An Intro To Organic Sleeping

By | January 11, 2018

It has changed to green cleaning products. You recycle. You buy organic foods. Now is the time for an organic mattress. Buying an organic mattress is an investment in your health and the environment. There are several types of organic mattresses to choose from that are made from a variety of materials.

Regular mattresses consist mainly of materials produced by the oil industry (polyester, elastic and polyurethane), polybrominated diphenyl ethers (PDBE), flame retardants, glues and dyes. They may also contain pesticide residues. As regular mattresses age, they become more toxic as flame retardants and pesticide residues bind with household dust.

organic mattresses

Organic mattresses, on the other hand, are made of natural rubber, organic cotton and organic wool. They are hypoallergenic, antimicrobial and resistant to dust mites.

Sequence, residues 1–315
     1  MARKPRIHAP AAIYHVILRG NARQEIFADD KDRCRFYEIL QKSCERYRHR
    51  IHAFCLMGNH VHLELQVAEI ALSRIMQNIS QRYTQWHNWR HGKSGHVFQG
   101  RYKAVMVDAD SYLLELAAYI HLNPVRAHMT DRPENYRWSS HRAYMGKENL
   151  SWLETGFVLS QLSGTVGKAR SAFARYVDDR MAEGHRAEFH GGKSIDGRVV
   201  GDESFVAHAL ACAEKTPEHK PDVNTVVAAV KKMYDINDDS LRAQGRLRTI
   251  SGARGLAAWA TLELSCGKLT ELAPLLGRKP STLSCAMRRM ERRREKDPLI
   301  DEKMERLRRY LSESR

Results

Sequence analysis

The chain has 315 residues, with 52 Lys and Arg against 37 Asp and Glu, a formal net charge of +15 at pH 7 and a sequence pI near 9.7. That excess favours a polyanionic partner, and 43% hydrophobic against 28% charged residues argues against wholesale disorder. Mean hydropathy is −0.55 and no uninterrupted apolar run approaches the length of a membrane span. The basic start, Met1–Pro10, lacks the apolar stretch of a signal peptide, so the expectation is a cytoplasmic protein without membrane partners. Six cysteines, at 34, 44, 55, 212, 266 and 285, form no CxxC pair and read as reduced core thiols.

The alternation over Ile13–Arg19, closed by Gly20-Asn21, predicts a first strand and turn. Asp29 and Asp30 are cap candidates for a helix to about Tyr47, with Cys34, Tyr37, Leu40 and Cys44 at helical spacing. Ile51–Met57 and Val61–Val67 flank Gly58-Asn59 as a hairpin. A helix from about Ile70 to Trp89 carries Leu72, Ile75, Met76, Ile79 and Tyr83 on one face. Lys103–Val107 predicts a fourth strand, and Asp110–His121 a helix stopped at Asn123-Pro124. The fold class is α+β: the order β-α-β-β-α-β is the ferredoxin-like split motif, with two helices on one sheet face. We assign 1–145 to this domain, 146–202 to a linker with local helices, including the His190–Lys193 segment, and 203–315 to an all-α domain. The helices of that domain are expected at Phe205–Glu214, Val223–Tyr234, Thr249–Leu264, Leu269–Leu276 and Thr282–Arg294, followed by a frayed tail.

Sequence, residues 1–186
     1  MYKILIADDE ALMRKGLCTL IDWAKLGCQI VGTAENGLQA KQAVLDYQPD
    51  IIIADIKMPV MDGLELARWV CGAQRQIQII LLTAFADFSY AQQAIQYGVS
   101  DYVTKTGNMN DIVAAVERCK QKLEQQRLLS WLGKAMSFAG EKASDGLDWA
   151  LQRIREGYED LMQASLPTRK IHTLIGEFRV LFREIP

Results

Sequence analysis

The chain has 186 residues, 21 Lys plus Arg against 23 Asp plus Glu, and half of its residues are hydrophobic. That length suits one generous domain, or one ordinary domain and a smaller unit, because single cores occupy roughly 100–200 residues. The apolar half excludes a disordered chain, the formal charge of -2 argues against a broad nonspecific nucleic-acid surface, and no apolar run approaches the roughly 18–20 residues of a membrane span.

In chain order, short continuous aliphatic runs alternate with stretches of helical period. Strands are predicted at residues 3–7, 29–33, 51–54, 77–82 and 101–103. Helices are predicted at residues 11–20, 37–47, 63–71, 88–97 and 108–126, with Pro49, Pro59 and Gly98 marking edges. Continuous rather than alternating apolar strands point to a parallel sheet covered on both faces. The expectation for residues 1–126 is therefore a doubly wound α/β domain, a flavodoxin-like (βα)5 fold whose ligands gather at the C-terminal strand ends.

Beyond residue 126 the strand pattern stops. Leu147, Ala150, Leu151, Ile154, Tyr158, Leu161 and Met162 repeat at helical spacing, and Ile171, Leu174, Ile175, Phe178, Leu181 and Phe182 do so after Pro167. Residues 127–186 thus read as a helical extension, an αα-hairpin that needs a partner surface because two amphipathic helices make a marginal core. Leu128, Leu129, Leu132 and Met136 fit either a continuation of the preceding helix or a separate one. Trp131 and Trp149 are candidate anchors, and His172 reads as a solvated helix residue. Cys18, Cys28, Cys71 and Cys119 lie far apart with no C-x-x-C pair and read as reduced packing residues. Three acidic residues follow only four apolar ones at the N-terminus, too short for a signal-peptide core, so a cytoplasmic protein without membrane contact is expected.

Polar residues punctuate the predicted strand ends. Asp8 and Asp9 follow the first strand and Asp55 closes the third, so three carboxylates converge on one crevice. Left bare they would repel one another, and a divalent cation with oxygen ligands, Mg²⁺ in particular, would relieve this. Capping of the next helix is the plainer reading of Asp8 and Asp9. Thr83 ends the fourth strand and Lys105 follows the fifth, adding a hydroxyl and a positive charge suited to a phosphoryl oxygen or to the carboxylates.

Mattresses made of natural latex to resist the formation of mold, repel dust mites and are chemical free. Organic cotton and wool mattresses absorb moisture from the body. Natural materials allow moisture to evaporate during the day, unlike synthetic mattresses. The wool is naturally fire resistant, so there is no need for chemical retardants.

If the manufacturer says that the mattress is organic, this means that the materials are grown, processed and manufactured with zero synthetic chemicals. Natural materials are based on nature, but cannot be processed organically 100 percent. It may contain a small percentage of synthetic materials.

If you have problems with allergies, choose latex mattresses that are hypoallergenic. If you are worried about the appearance of mold, avoid cotton and wool. Natural latex has a gummy smell and can be detrimental to someone with a latex allergy. Instead, consider a wool and cotton mattress.

Not all organic mattresses are 100 percent organic. Some are treated with fire retardants, waterproofed with plastic or coated with polyester. Be sure to read the labels carefully. The manufacturer must be able to tell exactly what percentage of the materials is organic or synthetic.